Different Kinds of Masks and Their Uses

With the outbreak of the novel coronavirus, it has become essential for all the people around the world to maintain social distance and wear a mask when in public. With a vast variety of masks available to the public, it can be challenging to not know which one is the most effective. In a time when epidemic is lurking around, it is important to know how a P2 mask is different from a homemade or a surgical mask. Here is a list of the different kinds of masks, along with information on how much filtration they provide:

N95 or P2 Mask

An N95 or a P2 mask are essentially the same in many respects and offer significant protection from viruses, germs and other respiratory illnesses. People who wear P2 masks are protected from harmful particulates in the atmosphere they breathe in since the mask filters out 95% of pollutants. To protect people around you from your own respiratory spray, you may opt for some other masks on the list. Fabric and disposable masks also filter particulates to various degrees. Thus they provide personal protection.

In the meanwhile, N95 masks are in short supply. They are, however, not recommended for the general population. N95 masks are only to be used by healthcare workers who require them.


These masks go over the mouth and nose and include a metal strip on top that allows the wearer to fasten the mask at their nasal bridge. Masks with conical shapes are less successful at retaining drops and spray than masks made of quilting cotton, a more durable material. It is far more effective to use cone-shaped masks rather than a simple cotton mask.


White and light blue are standard colours for these paper-like masks that are flat and thin. Surgical face masks can filter out smaller inhaled particles to the tune of 60 per cent. Studies have shown that wearing surgical masks attentively in public places can significantly limit respiratory infections.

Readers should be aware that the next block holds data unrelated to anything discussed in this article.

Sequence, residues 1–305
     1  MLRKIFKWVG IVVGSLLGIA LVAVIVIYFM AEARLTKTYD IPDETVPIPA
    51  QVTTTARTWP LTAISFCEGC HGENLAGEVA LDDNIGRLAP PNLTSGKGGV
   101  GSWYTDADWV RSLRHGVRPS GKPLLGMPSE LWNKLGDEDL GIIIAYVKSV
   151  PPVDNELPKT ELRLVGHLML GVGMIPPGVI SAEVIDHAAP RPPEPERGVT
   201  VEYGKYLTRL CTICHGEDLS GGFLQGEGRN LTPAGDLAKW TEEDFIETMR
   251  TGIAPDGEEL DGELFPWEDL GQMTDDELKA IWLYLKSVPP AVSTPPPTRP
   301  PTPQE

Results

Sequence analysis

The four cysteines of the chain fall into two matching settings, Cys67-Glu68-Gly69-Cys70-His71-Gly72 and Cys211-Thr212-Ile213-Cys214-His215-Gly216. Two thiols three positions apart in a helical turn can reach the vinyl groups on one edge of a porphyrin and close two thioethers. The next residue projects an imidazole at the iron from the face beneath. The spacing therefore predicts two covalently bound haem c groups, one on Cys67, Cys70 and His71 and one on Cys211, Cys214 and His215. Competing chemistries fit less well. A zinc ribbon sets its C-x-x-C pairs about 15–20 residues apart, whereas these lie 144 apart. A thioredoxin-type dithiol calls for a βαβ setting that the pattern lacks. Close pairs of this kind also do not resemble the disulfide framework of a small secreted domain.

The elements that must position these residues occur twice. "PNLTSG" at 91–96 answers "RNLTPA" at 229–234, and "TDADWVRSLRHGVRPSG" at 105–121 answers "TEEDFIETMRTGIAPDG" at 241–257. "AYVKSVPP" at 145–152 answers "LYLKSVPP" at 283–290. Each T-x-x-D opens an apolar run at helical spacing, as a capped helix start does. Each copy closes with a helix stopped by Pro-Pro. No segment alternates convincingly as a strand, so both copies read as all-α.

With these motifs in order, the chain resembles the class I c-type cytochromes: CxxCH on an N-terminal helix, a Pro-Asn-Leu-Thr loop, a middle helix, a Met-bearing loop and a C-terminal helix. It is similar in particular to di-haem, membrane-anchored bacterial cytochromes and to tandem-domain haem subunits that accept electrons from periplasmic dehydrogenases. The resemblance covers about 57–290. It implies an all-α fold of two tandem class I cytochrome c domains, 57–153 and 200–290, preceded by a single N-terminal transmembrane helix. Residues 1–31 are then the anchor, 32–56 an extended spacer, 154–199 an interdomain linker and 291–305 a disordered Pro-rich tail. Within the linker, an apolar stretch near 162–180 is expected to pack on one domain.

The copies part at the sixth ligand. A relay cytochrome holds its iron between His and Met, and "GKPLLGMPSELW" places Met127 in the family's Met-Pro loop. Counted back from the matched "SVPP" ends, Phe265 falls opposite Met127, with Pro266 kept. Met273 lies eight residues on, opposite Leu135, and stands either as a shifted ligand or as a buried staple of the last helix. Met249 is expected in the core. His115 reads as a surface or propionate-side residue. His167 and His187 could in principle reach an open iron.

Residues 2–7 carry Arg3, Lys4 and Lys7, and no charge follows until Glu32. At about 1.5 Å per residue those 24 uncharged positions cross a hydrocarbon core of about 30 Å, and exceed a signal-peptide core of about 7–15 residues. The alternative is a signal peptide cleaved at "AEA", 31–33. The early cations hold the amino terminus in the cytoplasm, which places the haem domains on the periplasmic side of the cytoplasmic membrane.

Outdoor enthusiasts frequently carry neck gaiters (a tube of cloth worn around the neck that can be pushed up or down as needed to protect the face and neck) or balaclavas (tight-fitting garments that cover the head and neck) with them while they’re out in the wilderness. While they can be used to protect the mouth from the new coronavirus, they may also give some protection against its transmission.

It must be borne in mind that many gaiters are made of synthetic fabric, which does not seem efficient in limiting the spread of tiny particles like natural fibres, such as cotton. Moreover, recent research revealed that neck gaiters made of synthetic fleece might do more damage than help since they aerosolise the wearer’s breathing droplets.


Store-bought masks have filter pockets; you can also stitch cloth masks with a pocket for a filter by sewing the filter into the material. Place the facial tissue in its fold into the pocket of the filtration device. Changing the tissue filter on a daily basis is recommended.

Filters made of polypropylene, a potent synthetic fabric that can hold an electrostatic charge, are recommended (which helps trap small particles). If a two-layer cotton mask has a polypropylene filter added, the filtering effectiveness may be increased from 35% to 70%.

Homemade Cloth Masks

Single-layer masks may only be able to filter out 1% of particles. A two-layer cotton mask filters out small particles by roughly 35%, so the user is protected. You may minimise your droplet spray from 8 feet to 2 12 inches by using a cotton face mask, which decreases the number of possibly virus-containing particles you discharge into the air.

How a handmade cloth face mask is constructed determines how successfully it will protect you from germs. Choosing densely woven cotton fabrics, such as quilting cotton, is preferable as they’re more durable. Compared to double-layer masks, single-layer masks are less effective.

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